Research & Writing: Chasing Stories Back to the Source

I’m working on a book about insects for Chronicle Books right now. I’m in science-geek heaven, up to my eyeballs in research, and wanted to share a tip that I think might help other writers – both students and adults.

 When you’re doing research and you come across THE BEST STORY EVER, you need to chase that story all the way back to its source.

 Sometimes, you’ll be rewarded with the exact quote you need from a primary source document. And sometimes, you’ll run into a dead end, and you’ll need to let that juicy story go. This can be sad – especially after you’ve put in hours of research – but it’s lot better than perpetuating an often-told but undocumented tall tale in a work of nonfiction.

I experienced both of these research moments with my bug book this week.

BEST STORY EVER #1: Bombardier Beetles

bombardier

Image via Wikimedia Commons, photo by Patrick Coin

In researching the Bombardier beetle, I found numerous references to a story about the naturalist Charles Darwin’s encounter with one of these beetles. The Bombardier beetle has a great defense mechanism; it shoots a hot, smelly, chemical mist out its rear end when it’s threatened, a fact Darwin supposedly learned the hard way, when he was collecting beetles, ran out of hands, and popped one in his mouth for safe keeping. This, I thought, was the BEST STORY EVER. But in order to use it, I had to find out if it was true.

When you’re reading information on websites, the best ones cite sources, most often within the text or in a list of references the bottom of the page. Source leads to source, and eventually, if you’re lucky, you can follow that bread crumb trail back to the person who told the story to begin with – in this case, Charles Darwin himself. I found out that this particular BEST STORY EVER actually came from Darwin’s published autobiography. Here’s the quote:

“I will give proof of my zeal: one day, on tearing off some old bark, I saw two rare beetles, and seized one in each hand; then I saw a third and new kind, which I could not bear to lose, so that I popped the one which I held in my right hand into my mouth. Alas! It ejected some intensely acrid fluid, which burnt my tongue so that I was forced to spit the beetle out, which was lost, as was the third one.”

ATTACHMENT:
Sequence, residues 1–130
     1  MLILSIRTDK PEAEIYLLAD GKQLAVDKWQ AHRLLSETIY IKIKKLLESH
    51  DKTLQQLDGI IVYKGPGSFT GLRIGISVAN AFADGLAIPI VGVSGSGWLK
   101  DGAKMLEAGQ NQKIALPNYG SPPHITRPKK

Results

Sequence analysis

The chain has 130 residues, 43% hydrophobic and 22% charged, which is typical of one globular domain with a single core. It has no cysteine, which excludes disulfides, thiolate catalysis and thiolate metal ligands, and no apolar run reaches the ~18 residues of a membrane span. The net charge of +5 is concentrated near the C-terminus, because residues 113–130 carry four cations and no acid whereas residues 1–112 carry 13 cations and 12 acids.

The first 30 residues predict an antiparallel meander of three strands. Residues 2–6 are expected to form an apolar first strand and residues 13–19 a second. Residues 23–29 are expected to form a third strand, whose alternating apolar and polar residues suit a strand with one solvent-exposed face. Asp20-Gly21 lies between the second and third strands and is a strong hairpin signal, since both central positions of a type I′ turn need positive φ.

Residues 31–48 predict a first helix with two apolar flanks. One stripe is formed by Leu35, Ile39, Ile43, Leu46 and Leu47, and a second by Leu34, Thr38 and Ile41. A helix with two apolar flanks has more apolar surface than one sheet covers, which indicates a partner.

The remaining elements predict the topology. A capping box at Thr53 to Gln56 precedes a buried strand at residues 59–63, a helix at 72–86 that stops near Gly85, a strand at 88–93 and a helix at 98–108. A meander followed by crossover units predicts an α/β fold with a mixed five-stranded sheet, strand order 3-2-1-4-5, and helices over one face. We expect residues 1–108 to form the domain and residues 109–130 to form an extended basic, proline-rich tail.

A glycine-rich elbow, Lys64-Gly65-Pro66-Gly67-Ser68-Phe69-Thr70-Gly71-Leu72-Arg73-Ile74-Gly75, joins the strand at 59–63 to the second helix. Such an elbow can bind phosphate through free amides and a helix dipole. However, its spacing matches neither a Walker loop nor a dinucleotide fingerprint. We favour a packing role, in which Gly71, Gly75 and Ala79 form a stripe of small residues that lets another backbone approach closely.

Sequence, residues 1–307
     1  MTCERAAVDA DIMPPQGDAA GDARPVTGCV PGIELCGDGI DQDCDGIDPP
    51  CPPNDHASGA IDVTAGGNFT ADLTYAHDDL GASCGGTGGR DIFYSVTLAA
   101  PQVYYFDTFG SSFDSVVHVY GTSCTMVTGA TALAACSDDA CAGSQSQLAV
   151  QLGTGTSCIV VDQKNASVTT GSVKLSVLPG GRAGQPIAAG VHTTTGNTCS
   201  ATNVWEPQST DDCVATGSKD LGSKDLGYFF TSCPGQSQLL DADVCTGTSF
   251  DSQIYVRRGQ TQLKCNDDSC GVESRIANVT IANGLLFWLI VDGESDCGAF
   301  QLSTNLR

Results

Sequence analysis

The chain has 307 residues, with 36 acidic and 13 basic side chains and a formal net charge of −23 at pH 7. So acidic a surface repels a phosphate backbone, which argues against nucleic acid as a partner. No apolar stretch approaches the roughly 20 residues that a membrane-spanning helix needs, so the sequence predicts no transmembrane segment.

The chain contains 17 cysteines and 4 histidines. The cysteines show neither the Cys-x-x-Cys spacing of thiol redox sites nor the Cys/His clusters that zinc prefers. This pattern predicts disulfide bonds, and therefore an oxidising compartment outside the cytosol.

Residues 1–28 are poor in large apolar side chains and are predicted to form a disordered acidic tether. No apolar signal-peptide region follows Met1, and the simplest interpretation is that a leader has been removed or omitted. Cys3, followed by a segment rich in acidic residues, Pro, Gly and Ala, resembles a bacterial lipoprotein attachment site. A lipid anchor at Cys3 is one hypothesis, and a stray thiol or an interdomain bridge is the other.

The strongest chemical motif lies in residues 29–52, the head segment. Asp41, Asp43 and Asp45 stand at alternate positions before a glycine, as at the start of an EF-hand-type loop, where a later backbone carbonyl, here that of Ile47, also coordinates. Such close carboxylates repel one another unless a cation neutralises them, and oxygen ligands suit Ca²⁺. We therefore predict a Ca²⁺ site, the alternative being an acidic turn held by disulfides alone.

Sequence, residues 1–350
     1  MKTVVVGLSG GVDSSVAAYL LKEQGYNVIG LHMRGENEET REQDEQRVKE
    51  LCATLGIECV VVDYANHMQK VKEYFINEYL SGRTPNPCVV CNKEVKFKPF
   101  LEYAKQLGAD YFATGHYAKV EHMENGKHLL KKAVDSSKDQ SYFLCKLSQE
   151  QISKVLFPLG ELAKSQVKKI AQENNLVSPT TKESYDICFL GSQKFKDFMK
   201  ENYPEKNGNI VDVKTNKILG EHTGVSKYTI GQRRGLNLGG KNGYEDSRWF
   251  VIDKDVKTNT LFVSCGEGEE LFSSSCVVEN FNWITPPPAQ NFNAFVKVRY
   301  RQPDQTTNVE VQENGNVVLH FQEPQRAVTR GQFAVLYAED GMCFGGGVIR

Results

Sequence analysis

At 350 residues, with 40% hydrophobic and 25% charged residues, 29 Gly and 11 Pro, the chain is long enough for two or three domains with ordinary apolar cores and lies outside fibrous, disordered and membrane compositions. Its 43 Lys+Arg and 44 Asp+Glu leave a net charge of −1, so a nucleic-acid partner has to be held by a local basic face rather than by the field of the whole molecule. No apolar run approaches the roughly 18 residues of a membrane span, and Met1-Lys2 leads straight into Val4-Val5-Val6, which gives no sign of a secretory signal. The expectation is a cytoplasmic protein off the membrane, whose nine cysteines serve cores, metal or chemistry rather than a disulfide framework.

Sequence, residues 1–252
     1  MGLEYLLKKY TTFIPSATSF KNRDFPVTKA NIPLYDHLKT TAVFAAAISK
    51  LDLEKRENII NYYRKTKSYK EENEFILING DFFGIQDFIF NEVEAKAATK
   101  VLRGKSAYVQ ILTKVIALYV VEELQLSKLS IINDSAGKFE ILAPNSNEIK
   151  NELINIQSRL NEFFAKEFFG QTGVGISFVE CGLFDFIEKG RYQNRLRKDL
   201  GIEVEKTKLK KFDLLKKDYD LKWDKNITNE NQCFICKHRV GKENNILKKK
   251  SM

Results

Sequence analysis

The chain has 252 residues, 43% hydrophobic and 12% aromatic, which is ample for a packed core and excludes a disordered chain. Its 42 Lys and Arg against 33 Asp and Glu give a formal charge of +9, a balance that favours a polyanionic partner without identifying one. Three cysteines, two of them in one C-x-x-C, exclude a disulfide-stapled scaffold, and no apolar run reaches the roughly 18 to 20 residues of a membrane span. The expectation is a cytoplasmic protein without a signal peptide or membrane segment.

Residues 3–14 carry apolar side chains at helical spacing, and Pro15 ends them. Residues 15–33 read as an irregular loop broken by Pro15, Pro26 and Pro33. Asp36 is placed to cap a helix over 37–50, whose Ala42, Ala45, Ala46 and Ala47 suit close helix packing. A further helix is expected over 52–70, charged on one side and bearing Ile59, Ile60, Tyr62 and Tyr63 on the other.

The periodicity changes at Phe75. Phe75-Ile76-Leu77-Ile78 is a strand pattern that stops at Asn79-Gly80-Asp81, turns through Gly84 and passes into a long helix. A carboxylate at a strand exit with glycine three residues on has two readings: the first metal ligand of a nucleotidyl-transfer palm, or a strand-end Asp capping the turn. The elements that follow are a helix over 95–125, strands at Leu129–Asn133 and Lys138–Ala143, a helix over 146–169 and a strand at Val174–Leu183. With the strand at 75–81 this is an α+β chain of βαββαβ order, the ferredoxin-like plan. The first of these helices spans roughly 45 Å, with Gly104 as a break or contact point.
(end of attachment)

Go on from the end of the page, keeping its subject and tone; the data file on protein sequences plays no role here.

My favorite thing about this quote is the matter-of-fact way in which Darwin describes popping the beetle into his mouth for storage as if it’s a regular thing. Because that’s what we all do, you know, when we’ve run out of hands for collecting beetles.

Verdict: This BEST STORY EVER can be verified, at least to the degree that Charles Darwin himself tells the story. A side note: I still have no idea if Darwin was telling the truth, since he was alone with the beetles, but I can phrase my storytelling in a way that reflects this. This BEST STORY EVER makes the cut.

(If you want to read more about Bombardier beetles, Sarah Albee, author of BUGGED: HOW INSECTS CHANGED THE WORLD, has a great blog post called “Please Don’t Eat the Beetles” here.)

BEST STORY EVER #2:The Giant Weta

weta

Image courtesy Wikimedia Commons

Another bug I’m featuring in this book is the Little Barrier Island giant weta, which is known as the heaviest insect in the world. It’s also known for its scary appearance; the natives of New Zealand call it wetapunga, which translates to “god of ugly things.” I also read some reports that this insect is pretty indestructible by conventional means. I found half a dozen websites – including some from museums and educational institutions – that reference a story told by Sir Walter Buller, who supposedly tried to kill some wetas for his collection back in 1871 and had little luck. These super-wetas supposedly survived Buller’s attempted drowning and even his brother-in-law’s effort to kill them by plunging them into boiling water.

It’s a great story – but one that I’ve been unable to confirm so far. The closest I’ve come is this 1895 reference in the Transactions and Proceedings of the New Zealand Institute, in which Buller writes about two wetas he found feeding in a tree:

“Dismounting from my horse, I secured the two Wetas in a pocket handkerchief, and hung them up in a tree to await my return a day or two later. On coming back, however, I found that they had eaten their way out and made their escape.”

Side note: Buller apparently didn’t subscribe to the Darwin “pop-it-in-your-mouth” method of insect safe keeping. Or perhaps he did, but giant wetas can be six inches long, so that would have been quite a mouthful.

Anyway, this is a nifty story, but it falls short of providing confirmation for the tale I’d read online. Does that mean the story of the wetas who survived attempted-drowning and being plunged in boiling water isn’t true? No…but it does mean that I haven’t yet found the documentation I need to use it.

Verdict: This BEST STORY EVER doesn’t make the cut unless I manage to turn up a document where Buller tells the story for himself.

One more note on chasing down sources… We teach students (rightfully so) that Wikipedia isn’t a reliable source for research. But it can be a treasure trove of references. The Wikipedia entries that are well done – and many of them are – have a list of references and resources listed at the end of the article, often with links to their original sources in scholarly articles available online.

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